Down

2 Actor with the #1 film performance in Premiere magazine’s list of “100 Greatest Performances of All Time” : O’TOOLE

Irish actor Peter O’Toole got his big break in movies when he played the title role in the 1962 epic film “Lawrence of Arabia”. My favorite of O’Toole’s movies is much lighter fare, namely “How to Steal a Million” in which he stars opposite Audrey Hepburn. O’Toole never won an Oscar, but holds the record for the greatest number of Best Actor nominations without a win.

7 Colored part : UVEA

The uvea is the middle of the three layers that make up the eyeball. The outer layer is called the fibrous tunic, and the inner layer is the retina.

8 Second-most populous Swiss canton, after Zurich : BERN

Bern (sometimes “Berne”, especially in French) is the capital city of Switzerland. The official language of the city is German, but the language most spoken in Bern is a dialect known as Bernese German.

Zurich is located in the German-speaking part of Switzerland, and is the largest city in the country.

9 Start of Kansas’ state motto : AD ASTRA

The motto of the State of Kansas is “ad astra per aspera”, a Latin expression meaning “to the stars through difficulties”. Kansas shares the same motto with quite a few other institutions, including an English grammar school, an Australian high school, and even Starfleet, the service to which the USS Enterprise belongs in the “Star Trek” series.

12 France’s flag, e.g. : TRICOLOR

The French flag (“le drapeau français” in French) is a tricolor of blue, white and red. The blue and red colors in the flag date back to the French Revolution, when the Paris militia that participated in the storming of the Bastille wore a cockade of blue and red. Subsequently, this blue and red was added to white to create a three-color national cockade that was sported by the national militia. The design of the national cockade was absorbed into the national flag that was adopted in 1794.

13 Trouble for comedians : HECKLERS

Originally, the verb “to heckle” meant to question severely, and for many years was associated with the public questioning of parliamentary candidates in Scotland. In more recent times, the meaning has evolved into questioning that is less polite and that is directed at stand-up comics.

24 Salon, e.g., informally : E-MAG

Salon.com is a popular online magazine, one of the first “ezines” ever published. “Salon” focuses on American politics and current affairs, but also has articles about books, music and films. The magazine was launched in 1995, and managed to survive many loss-making years. Most of Salon’s content is free, but it does make money by offering a premium service with extra content, and by selling ad space.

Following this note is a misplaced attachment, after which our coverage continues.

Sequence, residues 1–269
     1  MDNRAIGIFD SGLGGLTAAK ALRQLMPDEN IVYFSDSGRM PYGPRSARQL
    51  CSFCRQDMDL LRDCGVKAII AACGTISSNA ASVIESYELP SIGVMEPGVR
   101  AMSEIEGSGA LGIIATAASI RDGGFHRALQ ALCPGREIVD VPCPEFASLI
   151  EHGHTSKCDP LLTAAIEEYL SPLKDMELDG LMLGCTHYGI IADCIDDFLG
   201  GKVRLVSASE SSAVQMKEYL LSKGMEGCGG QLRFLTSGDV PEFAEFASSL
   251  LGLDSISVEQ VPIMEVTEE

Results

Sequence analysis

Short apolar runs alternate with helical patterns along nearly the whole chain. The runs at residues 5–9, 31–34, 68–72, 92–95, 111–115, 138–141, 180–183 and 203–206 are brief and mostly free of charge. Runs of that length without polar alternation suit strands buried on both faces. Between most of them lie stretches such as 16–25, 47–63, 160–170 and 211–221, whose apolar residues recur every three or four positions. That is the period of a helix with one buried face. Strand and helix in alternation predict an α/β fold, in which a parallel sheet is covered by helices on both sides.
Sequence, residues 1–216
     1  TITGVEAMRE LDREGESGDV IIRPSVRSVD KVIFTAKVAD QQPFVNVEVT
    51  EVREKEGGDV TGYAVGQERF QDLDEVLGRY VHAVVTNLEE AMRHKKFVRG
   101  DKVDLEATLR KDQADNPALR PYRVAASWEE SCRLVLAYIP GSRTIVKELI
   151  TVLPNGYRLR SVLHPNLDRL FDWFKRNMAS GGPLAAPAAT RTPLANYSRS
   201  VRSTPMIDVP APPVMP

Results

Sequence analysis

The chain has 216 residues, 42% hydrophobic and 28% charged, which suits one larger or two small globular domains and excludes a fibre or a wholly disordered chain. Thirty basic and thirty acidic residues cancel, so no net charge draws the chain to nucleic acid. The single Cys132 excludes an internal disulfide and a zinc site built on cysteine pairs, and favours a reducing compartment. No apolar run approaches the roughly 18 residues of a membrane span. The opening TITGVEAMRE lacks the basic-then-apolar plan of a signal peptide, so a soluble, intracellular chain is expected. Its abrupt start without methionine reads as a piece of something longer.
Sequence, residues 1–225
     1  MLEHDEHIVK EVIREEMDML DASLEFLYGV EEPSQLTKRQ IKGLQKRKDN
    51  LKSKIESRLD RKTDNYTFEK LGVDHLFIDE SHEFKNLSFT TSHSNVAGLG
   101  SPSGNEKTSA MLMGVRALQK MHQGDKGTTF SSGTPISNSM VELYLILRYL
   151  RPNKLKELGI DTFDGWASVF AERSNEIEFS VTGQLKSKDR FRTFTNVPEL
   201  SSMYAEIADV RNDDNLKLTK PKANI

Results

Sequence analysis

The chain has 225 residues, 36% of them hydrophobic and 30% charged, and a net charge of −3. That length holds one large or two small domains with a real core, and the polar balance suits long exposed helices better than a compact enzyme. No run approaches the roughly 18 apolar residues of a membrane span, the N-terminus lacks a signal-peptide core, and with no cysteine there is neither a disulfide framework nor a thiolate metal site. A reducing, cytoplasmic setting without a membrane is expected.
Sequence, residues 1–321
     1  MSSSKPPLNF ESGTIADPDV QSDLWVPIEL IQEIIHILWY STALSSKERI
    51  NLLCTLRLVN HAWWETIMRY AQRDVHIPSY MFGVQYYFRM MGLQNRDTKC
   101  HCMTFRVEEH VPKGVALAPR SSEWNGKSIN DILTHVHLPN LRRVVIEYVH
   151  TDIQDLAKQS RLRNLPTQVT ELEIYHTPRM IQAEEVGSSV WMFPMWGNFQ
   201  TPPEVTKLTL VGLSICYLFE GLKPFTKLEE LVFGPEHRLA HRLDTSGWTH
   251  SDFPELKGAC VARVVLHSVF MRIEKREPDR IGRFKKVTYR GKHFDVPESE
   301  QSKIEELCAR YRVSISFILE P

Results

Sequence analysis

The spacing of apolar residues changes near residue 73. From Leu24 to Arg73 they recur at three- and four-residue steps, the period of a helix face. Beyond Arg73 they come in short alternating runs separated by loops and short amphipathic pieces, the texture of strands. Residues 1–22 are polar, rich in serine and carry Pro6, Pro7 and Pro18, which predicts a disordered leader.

25 Canine’s woe? : DECAY

The canine teeth of a mammal are also called the eyeteeth or cuspids. The name “canine” is used because these particular teeth are very prominent in dogs. The prefix “eye-” is used because in humans the eyeteeth are located in the upper jaw, directly below the eyes.

28 Something in a pool : GENE

The set of all genes in a particular population is known as the “gene pool”, a term coined in Russian by geneticist Aleksandr Sergeevich Serebrovskii in the 1920s. In general, the larger the gene pool, the more diverse and robust the population.

30 Sitcom set in Lanford, Ill. : ROSEANNE

The comedian Roseanne Barr is perhaps best known as the star of her own sitcom called “Roseanne” in which she played the character Roseanne Conner. In 2012, Barr unsuccessfully vied for the Green Party’s nomination for US President. She didn’t give up though, and was successful in winning the nomination of the Peace and Freedom Party. In the 2012 presidential election she earned over 60,000 votes, and placed sixth in the list of candidates.

31 Out but with caveats : ON PAROLE

The term “parole” is a French word that we use in English, with the French “parole” meaning “word, speech”. Of particular interest is the French phrase “parole d’honneur” which translates as “word of honor”. In the early 1600s we started using “parole” to mean a promise by a prisoner of war not to escape, as in the prisoner giving his “word of honor” not to run off. Over time, parole has come to mean conditional release of a prisoner before he or she has served the full term of a sentence.

A caveat is a warning or a qualification. “Caveat” is the Latin for “let him beware”.

33 Court, in a way : SERENADE

A serenade is a musical performance in the open air, specifically at night. We tend to think of the term applying to a young man serenading his lover from below her window. We imported the word via French from the Italian “serenata” meaning “evening song”, influenced by the Italian “sera” meaning “evening”.

41 Photoshop command : ROTATE

Photoshop is a wonderful piece of software used for editing graphics. When I first bought a copy of Photoshop, it was really expensive (about $300, ten years ago), but now there are cost-effective, stripped-down versions available. Also, the full version of Photoshop is now only available as a monthly subscription service.